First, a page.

The image below shows the spots of the NDS Spinda in their starting (0x00), middle (0x88), and ending (0xFF) positions. The colored outlines depict the boundaries of each spot. Even though the two lower spots can travel down to Y:41 [decimal] and Y:42, the spots are cut off at Y:40 (showing X:19-X:24).

NDS Spinda Spots Outline

0x00000000
0x88888888
0xFFFFFFFF

Method

Spots don't cover up the sprite outlines or color outside them when they are applied. So, how do the spots stay within the lines? For the GBA versions, apparently the spots are applied to Spinda's face by looking at color values of pixels in the head part of the sprite ((0,0)-(51,41)). Three colors on the palette are used. This explains the following behavior I noticed.

GBA Spinda Anomaly

There's a pixel in the bottom-right corner of Spinda's face that does not get replaced by a spot (because the pixel is shaded darker). However, there is a pixel in Spinda's neck that does get replaced by a spot. That pixel is of one of the three colors.

So, a pixel of one of these three colors gets replaced with the corresponding spot shade when a spot is above it. Anyways, this logic made sense at the time.

In the NDS versions, Spinda has two colors instead of three that are used. It appears to me that these versions mask by shape, rather.

For my web application, the method I employed to have shaded spots involved making two images of Spinda's face: one completely void of spots, and another one shaded in the color of the spots.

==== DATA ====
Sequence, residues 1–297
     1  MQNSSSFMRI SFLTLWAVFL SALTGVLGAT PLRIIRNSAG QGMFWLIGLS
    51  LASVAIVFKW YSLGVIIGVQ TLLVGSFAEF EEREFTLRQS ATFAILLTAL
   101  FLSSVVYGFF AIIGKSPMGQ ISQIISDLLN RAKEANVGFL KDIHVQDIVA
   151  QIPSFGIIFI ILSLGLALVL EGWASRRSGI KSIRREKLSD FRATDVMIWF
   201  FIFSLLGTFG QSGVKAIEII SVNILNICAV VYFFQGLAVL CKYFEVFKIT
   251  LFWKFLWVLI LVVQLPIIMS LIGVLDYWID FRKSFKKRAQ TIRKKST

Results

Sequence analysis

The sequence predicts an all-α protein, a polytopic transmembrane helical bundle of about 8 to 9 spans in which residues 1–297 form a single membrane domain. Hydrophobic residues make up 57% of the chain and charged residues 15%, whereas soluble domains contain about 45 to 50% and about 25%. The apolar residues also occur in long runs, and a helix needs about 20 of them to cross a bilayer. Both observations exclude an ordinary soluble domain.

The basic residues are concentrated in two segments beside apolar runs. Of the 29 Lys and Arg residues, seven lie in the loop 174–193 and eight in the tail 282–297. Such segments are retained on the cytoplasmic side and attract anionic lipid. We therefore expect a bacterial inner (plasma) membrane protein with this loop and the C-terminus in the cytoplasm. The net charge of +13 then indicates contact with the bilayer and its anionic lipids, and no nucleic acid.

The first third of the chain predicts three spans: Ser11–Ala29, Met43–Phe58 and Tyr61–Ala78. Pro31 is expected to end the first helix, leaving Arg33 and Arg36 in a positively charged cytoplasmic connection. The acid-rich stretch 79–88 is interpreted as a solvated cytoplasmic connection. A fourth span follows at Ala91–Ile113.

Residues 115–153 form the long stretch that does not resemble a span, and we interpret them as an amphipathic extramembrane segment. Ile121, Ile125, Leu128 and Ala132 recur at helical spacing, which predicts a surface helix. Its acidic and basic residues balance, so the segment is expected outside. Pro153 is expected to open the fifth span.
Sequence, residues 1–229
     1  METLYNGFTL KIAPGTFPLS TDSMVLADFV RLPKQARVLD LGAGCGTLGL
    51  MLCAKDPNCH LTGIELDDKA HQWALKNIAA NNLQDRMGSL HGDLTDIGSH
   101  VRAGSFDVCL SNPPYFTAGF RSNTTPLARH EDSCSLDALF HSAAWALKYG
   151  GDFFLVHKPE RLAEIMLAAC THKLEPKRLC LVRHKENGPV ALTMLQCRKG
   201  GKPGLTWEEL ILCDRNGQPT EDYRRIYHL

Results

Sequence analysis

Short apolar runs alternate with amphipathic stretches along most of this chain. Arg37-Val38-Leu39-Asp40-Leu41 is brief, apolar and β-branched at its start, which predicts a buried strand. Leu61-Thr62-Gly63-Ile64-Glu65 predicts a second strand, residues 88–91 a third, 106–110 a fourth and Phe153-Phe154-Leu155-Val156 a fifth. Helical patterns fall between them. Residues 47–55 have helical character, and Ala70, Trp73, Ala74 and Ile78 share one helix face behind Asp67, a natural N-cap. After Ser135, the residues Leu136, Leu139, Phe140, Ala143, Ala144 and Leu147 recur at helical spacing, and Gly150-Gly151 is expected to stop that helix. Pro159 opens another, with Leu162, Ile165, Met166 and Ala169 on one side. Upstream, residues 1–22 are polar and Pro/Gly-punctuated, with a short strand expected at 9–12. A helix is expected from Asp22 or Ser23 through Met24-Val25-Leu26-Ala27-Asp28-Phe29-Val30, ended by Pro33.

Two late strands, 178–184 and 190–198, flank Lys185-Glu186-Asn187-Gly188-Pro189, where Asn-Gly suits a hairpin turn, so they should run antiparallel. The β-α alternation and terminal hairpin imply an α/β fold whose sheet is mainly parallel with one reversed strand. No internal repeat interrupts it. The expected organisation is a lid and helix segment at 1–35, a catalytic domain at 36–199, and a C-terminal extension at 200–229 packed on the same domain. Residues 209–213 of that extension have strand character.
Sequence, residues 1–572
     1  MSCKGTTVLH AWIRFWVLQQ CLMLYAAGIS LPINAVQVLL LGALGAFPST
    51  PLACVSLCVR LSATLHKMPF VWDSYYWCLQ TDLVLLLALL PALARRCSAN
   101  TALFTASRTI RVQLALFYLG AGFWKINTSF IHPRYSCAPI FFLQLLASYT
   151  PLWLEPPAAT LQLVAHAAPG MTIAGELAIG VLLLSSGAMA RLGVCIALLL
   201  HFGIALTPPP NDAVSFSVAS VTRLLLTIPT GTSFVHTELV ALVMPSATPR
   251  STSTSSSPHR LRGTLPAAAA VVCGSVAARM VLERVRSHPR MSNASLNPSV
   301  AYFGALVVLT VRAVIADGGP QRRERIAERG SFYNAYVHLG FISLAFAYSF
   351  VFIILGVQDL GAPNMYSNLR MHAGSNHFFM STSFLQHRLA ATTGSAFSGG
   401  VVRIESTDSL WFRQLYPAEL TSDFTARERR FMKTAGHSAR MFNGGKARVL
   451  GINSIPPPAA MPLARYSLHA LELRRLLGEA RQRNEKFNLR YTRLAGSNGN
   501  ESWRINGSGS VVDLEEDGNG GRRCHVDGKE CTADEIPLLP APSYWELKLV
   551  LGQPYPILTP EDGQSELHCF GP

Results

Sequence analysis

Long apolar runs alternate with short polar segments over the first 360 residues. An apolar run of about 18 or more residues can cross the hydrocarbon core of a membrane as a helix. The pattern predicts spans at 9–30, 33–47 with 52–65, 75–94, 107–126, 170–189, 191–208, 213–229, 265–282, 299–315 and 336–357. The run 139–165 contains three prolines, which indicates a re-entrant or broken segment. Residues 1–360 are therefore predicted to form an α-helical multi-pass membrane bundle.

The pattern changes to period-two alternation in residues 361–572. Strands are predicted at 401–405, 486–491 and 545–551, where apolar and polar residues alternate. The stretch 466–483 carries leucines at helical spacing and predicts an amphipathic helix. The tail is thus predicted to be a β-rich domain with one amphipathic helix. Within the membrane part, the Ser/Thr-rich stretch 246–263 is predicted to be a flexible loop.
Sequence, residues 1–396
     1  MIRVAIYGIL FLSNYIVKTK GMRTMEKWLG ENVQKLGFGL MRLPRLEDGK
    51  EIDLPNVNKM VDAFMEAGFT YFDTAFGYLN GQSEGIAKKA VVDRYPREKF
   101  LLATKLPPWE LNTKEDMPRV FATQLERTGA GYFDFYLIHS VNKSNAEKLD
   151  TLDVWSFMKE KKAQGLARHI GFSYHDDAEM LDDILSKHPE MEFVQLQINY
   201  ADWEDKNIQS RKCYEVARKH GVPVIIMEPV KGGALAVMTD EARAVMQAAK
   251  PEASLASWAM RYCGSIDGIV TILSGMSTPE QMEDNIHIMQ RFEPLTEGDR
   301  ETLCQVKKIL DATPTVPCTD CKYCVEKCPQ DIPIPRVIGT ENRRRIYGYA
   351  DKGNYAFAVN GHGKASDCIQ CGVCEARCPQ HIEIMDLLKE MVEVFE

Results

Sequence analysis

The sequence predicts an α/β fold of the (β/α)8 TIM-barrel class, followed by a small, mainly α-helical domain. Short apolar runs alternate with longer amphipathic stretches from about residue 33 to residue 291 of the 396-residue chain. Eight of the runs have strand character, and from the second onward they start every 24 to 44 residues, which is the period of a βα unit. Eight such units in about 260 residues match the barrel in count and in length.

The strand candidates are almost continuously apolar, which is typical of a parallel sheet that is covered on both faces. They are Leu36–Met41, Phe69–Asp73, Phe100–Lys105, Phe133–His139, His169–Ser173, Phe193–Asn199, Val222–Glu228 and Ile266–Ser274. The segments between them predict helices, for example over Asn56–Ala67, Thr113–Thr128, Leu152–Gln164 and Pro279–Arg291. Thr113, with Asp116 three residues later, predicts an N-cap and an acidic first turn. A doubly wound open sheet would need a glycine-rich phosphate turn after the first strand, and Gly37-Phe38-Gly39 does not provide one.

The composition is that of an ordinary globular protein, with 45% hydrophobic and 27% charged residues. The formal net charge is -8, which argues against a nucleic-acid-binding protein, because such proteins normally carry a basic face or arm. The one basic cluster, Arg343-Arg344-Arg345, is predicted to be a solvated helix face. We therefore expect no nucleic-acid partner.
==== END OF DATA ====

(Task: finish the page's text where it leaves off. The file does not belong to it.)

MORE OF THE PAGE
GBA Spinda Clean
GBA Spinda All-Spot

To create the spots, I did the following. First, I placed the spot-free image beneath the all-spot image. Then, I masked off the all-spot image to leave the spot shapes, or rather, just let parts of the all-spot image "shine" through while making the rest transparent.

Layered Spinda

This could be accomplished by dynamically creating a two-tone alpha channel to use on the all-spot image. However, to obtain the usage I intended for the web app, this would not do. Instead, I pinned the all-spot image as a background (origin (0,0)) to four complex-shaped containers. Where the containers were over the sprite, the all-spot image shone through. The rest of the parts where the containers were not over, the all-spot image was not visible, and the spot-free image beneath it is seen. This method essentially allowed me to "fake" an alpha channel.

However, for browser agents that did not properly support fixing a background image, I had to do one more thing so that they would not be left out. First off, I set a default background color for the spot containers rather than no color. Then I created an additional image to place over that. The image consisted of the white background and the solid lines, while having the spot applicable portion transparent. Thus the image, when applied, would cover up the overflowing spot colors. At least this way, those browser agents would at least show flat unshaded spots rather than none at all.

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GatorShark